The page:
When assessing a child’s reading level, you learn that a child is 2 full grade levels above grade level expectations. It doesn’t happen often, but when it does, it can be very difficult for a classroom teacher. Of course, you must differentiate for the advanced reader, but how do you do that for 1 child when the others are at least 8 levels below your precocious reader? Here are some ideas to help you and the highly advanced reader.
4 Ways to Help Advanced Readers
- Find their interests- The sooner than you find their interests, the sooner you can help them find appropriate books for themselves. Like all readers, it is important that they be encouraged to read books that they will find challenging but approachable.
- Guided Reading Group of 1 – One person does not a group make! So, how can you engage your advanced reader in a discussion group? Putting them in a regular guided reading group with students reading multiple grade levels lower than them will be of limited value to them. Perhaps there are other children in another class that can help form a group. A classroom volunteer can also be a wonderful reading buddy.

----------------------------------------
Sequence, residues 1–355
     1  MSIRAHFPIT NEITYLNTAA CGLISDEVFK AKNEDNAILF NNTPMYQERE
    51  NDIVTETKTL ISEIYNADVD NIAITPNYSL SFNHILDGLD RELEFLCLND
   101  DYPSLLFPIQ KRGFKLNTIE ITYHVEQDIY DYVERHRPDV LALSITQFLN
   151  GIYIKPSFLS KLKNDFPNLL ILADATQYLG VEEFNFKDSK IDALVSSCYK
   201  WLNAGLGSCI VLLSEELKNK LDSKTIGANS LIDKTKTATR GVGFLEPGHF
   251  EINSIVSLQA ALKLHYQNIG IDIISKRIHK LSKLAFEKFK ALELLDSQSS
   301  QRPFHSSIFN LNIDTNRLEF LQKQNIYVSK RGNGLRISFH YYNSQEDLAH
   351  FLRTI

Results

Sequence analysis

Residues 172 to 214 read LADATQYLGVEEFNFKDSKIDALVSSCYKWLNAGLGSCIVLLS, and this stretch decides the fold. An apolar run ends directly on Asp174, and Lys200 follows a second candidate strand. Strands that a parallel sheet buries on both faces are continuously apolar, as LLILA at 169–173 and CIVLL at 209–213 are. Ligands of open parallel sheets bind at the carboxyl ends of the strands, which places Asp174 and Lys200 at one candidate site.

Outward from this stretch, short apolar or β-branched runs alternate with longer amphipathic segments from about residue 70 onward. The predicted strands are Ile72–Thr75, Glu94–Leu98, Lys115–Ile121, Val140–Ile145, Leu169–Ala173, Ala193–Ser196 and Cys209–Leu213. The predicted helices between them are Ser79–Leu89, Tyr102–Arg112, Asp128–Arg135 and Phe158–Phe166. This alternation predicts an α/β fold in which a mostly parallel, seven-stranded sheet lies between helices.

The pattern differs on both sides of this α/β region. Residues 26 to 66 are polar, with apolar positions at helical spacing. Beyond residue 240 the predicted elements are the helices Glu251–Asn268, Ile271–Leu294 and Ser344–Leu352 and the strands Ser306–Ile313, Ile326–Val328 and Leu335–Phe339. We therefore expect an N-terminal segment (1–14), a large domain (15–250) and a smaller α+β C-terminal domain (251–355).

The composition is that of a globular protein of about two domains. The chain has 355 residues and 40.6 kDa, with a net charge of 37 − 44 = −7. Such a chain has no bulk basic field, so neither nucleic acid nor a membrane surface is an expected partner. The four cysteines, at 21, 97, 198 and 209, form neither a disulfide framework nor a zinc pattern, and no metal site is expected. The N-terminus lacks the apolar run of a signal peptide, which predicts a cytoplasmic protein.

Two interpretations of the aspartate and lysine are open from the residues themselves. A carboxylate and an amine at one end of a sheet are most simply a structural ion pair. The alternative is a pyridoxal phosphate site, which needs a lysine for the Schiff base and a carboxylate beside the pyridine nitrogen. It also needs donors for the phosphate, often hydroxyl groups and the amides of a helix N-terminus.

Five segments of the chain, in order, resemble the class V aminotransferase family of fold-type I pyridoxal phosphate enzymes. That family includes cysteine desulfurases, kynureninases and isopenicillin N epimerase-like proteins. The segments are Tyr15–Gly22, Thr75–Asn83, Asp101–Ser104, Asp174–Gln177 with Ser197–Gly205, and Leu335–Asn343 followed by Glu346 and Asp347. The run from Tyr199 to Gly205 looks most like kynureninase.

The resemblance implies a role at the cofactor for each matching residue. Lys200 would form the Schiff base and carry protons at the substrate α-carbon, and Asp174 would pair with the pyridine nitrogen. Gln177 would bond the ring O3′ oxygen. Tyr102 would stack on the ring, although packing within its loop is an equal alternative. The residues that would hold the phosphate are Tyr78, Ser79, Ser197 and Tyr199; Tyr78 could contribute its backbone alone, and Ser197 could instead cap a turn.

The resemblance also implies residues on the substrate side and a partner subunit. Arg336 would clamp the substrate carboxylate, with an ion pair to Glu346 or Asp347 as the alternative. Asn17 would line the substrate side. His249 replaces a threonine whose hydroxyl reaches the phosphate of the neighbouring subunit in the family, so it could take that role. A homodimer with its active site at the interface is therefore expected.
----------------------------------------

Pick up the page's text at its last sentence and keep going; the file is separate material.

- Student Driven Independent Reading– The Schoolwide Enhanced Model Reading (SEM-R) approach allows a student to read a book at their own interest and reading level and check in with the teacher during scheduled reading conferences. The SEM-R approach is flexible enough to be used with individual students or a small group of students as needed.
- Skill-based groups – A popular way of meeting the needs of your gifted reader is to consider using some skill-based groups. Although the reading level may be different, a skills group can review and reinforce skills that your gifted reader may find valuable. In order to become even better readers skill development is necessary.
As a teacher, your gifted readers need you just as much as the other students in the class. They just may need your attention in a different way.
Other posts related to this topic:
- Enrichment in Class? Is Your Child Being Challenged?
- Highly-abled students need attention too!
- Math Enrichment: How To Encourage?
- Gifted Learner Strategies: Good for All